From jeweler to farmer: Renowned jewelry brand owner farms in the city amid pandemic 

In just four months, Louie Ocampo Gutierrez (in the middle) and his team were able to establish a full-fledged farm in the city despite not having initial knowledge in agriculture.

By Vina Medenilla

A significant part of the global workforce continues to suffer from the impacts of COVID-19, especially those in the non-essential sector. A significant number of the businesses were forced to close down at the height of the pandemic. After more than a year in quarantine, some local businesses are still sacrificing their operations for safety and financial reasons, while others have decided to reopen as the quarantine protocols eased up.

In Louie Ocampo Gutierrez’s case, founder of sterling silver jewelry retailer Silverworks, his goal to expand the brand in other locations was put on hold due to the health crisis. This was replaced with the goal to sustain the livelihood of his 500 employees. 

When the community quarantine was imposed to stop the spread of COVID-19, Gutierrez found himself securing food for his family and at the same time providing alternative jobs to some of his employees in the retail business. 

“One morning, I was walking along the street in the village where I live and chanced upon an empty lot full of overgrown cogon shrubs. I called up the owner and offered to clean the area in exchange for her allowing me to start a family garden,” said Gutierrez. 

The owner agreed to his request, allowing him to plant in the vacant lot, free of rent for two years. “I saw this as a sign that there were bigger opportunities to follow.”

This led to the establishment of the Urban Farmers of Belair last August 2020. Found in a luxurious village in Makati, the social enterprise was built with five objectives that Gutierrez also calls “five pillars.” 

The urban farm is surrounded by residential homes in one of the exclusive villages in the area. From the farm, you’ll get a sight of Makati skyscrapers.

These five objectives, or pillars, are as follows: (1) to maximize the idle land, (2) to find creative solutions in dealing with challenges in waste management with the least amount of resources, (3) to create jobs that will augment the livelihood of displaced workers, (4) to bring the Bel-Air community together with a common interest—food and gardening, and (5) to adopt a charitable model and support poor communities around the area through the farm sales.  

One of the main objectives of the farm is to provide jobs for the displaced workers amid the pandemic.

“We also named the social enterprise Urban Farmers of Belair as an homage to those who really work with their hands on the field to bring food to our tables,” Gutierrez added.

Newfound passion in farming 

Despite not having initial knowledge and experience in agriculture, Gutierrez and his workers were able to transform the 530 sqm lot into a productive area with the help of experts and professionals in the industry. 

The urban farm is just four houses away from Gutierrez’s house, making it accessible to the family, customers, and workers.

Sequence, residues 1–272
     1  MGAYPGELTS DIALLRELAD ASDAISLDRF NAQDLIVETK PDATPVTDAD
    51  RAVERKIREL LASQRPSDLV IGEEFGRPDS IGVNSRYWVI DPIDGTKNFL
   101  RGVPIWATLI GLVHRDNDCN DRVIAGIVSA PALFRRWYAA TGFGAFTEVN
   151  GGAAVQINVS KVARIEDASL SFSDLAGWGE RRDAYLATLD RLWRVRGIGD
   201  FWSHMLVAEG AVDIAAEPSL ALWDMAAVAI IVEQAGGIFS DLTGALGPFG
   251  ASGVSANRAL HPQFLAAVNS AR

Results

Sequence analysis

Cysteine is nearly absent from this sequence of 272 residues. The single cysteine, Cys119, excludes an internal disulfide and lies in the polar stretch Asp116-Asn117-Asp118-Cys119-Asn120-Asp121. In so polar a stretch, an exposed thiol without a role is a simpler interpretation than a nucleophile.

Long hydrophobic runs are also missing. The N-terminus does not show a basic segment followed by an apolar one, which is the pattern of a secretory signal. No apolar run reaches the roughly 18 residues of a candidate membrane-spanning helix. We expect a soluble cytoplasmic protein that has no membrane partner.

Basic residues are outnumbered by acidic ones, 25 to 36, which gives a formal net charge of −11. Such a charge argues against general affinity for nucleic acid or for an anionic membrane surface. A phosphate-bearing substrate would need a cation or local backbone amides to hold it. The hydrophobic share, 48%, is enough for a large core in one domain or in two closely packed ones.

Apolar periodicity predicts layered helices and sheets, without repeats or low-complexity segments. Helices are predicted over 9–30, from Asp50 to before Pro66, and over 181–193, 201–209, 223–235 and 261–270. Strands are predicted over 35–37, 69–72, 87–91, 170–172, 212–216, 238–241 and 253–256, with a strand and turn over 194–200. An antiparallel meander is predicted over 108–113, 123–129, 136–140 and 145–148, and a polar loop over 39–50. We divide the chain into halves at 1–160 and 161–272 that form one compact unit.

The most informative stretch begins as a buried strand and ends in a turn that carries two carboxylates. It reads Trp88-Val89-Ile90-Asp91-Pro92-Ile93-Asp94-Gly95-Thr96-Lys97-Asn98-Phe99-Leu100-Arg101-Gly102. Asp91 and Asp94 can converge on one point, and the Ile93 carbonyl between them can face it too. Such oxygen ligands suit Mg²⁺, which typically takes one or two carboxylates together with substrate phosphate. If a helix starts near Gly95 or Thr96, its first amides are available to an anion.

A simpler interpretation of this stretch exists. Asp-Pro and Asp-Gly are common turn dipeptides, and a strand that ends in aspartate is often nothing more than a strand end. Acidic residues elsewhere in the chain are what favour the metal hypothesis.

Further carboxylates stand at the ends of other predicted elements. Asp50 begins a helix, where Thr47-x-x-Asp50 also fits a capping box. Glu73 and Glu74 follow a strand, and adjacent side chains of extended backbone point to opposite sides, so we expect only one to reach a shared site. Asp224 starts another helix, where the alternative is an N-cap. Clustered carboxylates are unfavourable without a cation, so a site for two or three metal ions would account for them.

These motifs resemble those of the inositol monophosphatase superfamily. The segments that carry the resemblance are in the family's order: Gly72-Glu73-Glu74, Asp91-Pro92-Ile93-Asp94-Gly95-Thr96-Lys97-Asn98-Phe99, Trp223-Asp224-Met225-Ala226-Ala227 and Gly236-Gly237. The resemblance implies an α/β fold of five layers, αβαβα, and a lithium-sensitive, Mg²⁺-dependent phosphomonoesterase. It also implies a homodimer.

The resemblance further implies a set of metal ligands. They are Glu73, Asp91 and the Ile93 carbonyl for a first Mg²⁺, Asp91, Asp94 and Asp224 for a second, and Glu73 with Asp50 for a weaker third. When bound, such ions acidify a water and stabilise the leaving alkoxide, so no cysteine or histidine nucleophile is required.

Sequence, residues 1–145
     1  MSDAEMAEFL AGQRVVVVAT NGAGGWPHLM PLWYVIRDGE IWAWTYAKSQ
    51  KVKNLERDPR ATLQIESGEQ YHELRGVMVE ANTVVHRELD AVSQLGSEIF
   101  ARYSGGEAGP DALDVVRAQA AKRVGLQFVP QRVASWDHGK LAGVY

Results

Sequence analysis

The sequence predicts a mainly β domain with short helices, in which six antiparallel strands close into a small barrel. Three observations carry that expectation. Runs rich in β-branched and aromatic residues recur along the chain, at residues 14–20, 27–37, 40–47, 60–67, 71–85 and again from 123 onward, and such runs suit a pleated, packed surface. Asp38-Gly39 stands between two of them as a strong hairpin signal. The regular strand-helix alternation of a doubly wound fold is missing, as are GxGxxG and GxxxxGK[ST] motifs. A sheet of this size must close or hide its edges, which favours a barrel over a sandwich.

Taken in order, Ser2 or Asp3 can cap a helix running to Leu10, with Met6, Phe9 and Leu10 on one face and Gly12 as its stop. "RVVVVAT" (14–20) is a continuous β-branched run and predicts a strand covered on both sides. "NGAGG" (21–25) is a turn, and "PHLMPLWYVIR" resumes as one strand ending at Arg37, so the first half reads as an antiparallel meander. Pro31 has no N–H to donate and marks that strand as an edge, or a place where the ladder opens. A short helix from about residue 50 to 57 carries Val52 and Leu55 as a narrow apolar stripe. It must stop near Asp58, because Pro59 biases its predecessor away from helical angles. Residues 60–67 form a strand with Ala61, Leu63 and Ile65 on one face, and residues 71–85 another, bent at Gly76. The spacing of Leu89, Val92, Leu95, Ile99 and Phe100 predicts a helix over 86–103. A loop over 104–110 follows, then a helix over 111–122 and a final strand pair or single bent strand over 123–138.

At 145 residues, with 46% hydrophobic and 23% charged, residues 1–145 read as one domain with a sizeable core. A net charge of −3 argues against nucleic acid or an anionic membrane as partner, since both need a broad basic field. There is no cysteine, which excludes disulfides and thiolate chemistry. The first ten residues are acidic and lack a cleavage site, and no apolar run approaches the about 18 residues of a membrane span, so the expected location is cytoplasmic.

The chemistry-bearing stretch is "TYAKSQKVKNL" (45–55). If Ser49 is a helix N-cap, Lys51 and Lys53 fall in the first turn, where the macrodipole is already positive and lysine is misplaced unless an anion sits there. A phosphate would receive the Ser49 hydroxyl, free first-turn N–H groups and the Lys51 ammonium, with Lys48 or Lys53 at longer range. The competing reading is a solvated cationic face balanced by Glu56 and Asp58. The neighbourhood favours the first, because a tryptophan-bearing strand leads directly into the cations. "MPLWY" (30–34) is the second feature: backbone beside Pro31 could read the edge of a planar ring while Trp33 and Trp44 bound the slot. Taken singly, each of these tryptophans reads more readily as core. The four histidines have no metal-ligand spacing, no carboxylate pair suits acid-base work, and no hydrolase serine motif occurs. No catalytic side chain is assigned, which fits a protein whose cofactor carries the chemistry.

The urban farm is naturally kept through the use of chemical-free fertilizers. Urban Farmers of Belair now offers fresh produce, as well as edible landscaping and pruning services. 

As of this writing, the farm raises more than 50 varieties of leafy greens, herbs, and fruiting plants. Arugula, romaine lettuce, and green ice lettuce are the most in-demand leafy greens, while rosemary, basil, and parsley are the most requested herbs among their clients. 

One of the crops grown on the farm is lettuce.

Urban Farmers of Belair has a Viber group for their customers composed of the residents and non-residents of Bel-Air village.

The urban farm serves as proof that having a green thumb is not necessary for one to grow food. In their case, despite not having a green thumb or a background in farming, their hard work and passion eventually resulted in a flourishing farm.

A beautiful rainbow as seen from the thriving urban farm.

“It’s not about the money, it’s not about the income, but it’s the peace of mind and satisfaction that we’re able to feed good food for the community,” Gutierrez said on a video posted on the farm’s Facebook page.

Freshly harvested blue ternate, squash flowers, and eggplants.

With the constantly changing COVID-19 protocols, many plans and goals continue to be delayed and adjusted. This may be the same for Gutierrez, but this didn’t stop him from staying out of action despite the setbacks.

Because of his foresight and organization skills, the urban farm has become a source of healthy food both for his family and the community they belong to. 

For more information, visit Urban Farmers of Belair.

Photos courtesy of Louie Ocampo Gutierrez.

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Vina Medenilla
Vina Medenilla is a content producer for Agriculture Monthly magazine. She is a graduate from Miriam College with a bachelor’s degree in Communication. Fashion, photography, and travel are some of the things she loves. For her, connection with nature is essential to one’s life.

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